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Home :: Archive :: 2004 :: February ::
Band of Brothers and U.S. Presidential Campaign
The Shakespeare Conference: SHK 15.0543  Thursday, 26 February 2004

From:           Richard Burt <
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Date:           Wednesday, 25 Feb 2004 23:28:31 -0500
Subject:        Band of Brothers and U.S. Presidential Campaign

Still bitter over what he regards as Republican attacks on his
patriotism in the 2002 Senate race,  Mr. Cleland is   apparently on a
mission, collecting  what he calls a "band of brothers" along the way to
help Senator Kerry of Massachusetts  defeat President Bush .

Ex-Senator Rejoins a Battle as He Campaigns for Kerry

Published: February 26, 2004 grand_old_policy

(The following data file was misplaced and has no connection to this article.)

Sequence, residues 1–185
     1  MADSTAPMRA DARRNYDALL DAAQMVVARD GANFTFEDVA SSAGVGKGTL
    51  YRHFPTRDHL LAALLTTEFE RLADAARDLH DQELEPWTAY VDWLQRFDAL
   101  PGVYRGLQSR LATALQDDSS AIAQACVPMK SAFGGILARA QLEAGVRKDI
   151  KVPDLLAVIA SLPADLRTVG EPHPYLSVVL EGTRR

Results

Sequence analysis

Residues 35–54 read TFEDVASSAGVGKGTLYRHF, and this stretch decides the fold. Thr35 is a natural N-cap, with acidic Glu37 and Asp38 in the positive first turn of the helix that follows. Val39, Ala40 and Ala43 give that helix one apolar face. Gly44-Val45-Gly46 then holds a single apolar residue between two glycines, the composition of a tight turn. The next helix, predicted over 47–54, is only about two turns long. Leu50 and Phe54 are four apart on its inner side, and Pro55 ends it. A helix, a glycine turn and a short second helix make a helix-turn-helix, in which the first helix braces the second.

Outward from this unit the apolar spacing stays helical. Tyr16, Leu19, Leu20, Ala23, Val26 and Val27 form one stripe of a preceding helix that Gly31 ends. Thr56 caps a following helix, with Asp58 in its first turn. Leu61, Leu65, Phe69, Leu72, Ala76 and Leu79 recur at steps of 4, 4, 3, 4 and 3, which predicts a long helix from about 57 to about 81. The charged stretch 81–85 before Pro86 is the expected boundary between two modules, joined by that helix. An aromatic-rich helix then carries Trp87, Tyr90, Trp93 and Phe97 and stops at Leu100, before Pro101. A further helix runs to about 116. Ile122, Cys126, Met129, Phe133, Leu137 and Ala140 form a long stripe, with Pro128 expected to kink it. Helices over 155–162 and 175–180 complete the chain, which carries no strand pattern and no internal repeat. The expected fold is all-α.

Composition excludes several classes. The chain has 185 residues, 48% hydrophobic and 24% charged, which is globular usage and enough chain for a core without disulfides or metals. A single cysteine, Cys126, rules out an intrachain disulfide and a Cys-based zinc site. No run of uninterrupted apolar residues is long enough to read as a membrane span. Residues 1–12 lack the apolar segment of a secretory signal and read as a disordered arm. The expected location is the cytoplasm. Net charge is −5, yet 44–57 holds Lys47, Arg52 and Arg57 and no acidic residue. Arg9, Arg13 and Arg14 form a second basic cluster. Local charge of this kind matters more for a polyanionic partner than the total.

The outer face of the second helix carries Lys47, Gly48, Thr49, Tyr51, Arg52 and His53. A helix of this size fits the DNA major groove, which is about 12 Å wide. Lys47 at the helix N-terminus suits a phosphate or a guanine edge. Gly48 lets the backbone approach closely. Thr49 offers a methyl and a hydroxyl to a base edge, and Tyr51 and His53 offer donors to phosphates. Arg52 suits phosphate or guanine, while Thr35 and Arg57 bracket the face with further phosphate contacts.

Gaddis suggests that academics underrate Bush because they overvalue
specialized knowledge. In reality, as his new book asserts, after Sept.
  11, 2001, Bush underwent "one of the most surprising transformations
of an underrated national leader since Prince Hal became Henry V."
As for Bush, he puts me in mind of Prince Hal, the son of King Henry
IV.  As a youth he is dissolute to say the least: "a touch of Harry in
the night." But upon his father's death, he becomes a war leader of the
  first rank. President Bush's youth was never as dissolute as Hal's,
but like  the future Henry V, he became an effective war leader after 9/11.

Horsefeathers will not rehearse the parallels between Prince  Hal and
the young George Bush, nor the transformation to maturity of each  with
the assumption of power. Nevertheless, the President's stunning trip to
Baghdad couldn't help but remind us of the young king's visit to his
troops before the battle of Agincourt. Shakespeare emphasized not just
the King's verbal skills, but his actions- "A little touch of Harry in
the night"- in raising the morale of his troops. President Bush, while
not known for eloquence, delivered splendid remarks to the troops, but
it was his actual physical presence, the "little touch" of W. that made
all the difference.

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